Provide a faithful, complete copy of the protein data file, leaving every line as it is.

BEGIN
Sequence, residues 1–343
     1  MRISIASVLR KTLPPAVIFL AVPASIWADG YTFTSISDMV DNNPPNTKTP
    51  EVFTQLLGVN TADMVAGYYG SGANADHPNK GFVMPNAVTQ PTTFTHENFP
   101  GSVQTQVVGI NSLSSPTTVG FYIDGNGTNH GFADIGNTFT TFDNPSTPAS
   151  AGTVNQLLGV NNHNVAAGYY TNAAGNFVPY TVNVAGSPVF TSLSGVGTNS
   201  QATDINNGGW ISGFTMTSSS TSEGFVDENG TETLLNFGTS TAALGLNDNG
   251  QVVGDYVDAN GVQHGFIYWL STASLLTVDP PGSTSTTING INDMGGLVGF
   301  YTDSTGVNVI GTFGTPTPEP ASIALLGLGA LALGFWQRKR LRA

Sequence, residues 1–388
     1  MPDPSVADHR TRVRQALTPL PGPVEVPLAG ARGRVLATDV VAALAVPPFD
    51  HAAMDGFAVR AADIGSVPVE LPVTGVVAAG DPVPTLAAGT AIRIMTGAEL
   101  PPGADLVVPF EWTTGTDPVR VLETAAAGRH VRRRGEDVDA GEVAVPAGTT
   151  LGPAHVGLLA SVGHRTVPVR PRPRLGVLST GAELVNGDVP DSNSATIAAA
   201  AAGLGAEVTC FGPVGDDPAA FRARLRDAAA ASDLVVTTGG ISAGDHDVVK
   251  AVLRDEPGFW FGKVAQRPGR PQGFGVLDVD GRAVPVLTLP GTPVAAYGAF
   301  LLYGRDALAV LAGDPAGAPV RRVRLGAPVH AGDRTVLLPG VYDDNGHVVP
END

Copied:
Sequence, residues 1–343
     1  MRISIASVLR KTLPPAVIFL AVPASIWADG YTFTSISDMV DNNPPNTKTP
    51  EVFTQLLGVN TADMVAGYYG SGANADHPNK GFVMPNAVTQ PTTFTHENFP
   101  GSVQTQVVGI NSLSSPTTVG FYIDGNGTNH GFADIGNTFT TFDNPSTPAS
   151  AGTVNQLLGV NNHNVAAGYY TNAAGNFVPY TVNVAGSPVF TSLSGVGTNS
   201  QATDINNGGW ISGFTMTSSS TSEGFVDENG TETLLNFGTS TAALGLNDNG
   251  QVVGDYVDAN GVQHGFIYWL STASLLTVDP PGSTSTTING INDMGGLVGF
   301  YTDSTGVNVI GTFGTPTPEP ASIALLGLGA LALGFWQRKR LRA

Sequence, residues 1–388
     1  MPDPSVADHR TRVRQALTPL PGPVEVPLAG ARGRVLATDV VAALAVPPFD
    51  HAAMDGFAVR AADIGSVPVE LPVTGVVAAG DPVPTLAAGT AIRIMTGAEL
   101  PPGADLVVPF EWTTGTDPVR VLETAAAGRH VRRRGEDVDA GEVAVPAGTT
   151  LGPAHVGLLA SVGHRTVPVR PRPRLGVLST GAELVNGDVP DSNSATIAAA
   201  AAGLGAEVTC FGPVGDDPAA FRARLRDAAA ASDLVVTTGG ISAGDHDVVK
   251  AVLRDEPGFW FGKVAQRPGR PQGFGVLDVD GRAVPVLTLP GTPVAAYGAF
   301  LLYGRDALAV LAGDPAGAPV RRVRLGAPVH AGDRTVLLPG VYDDNGHVVP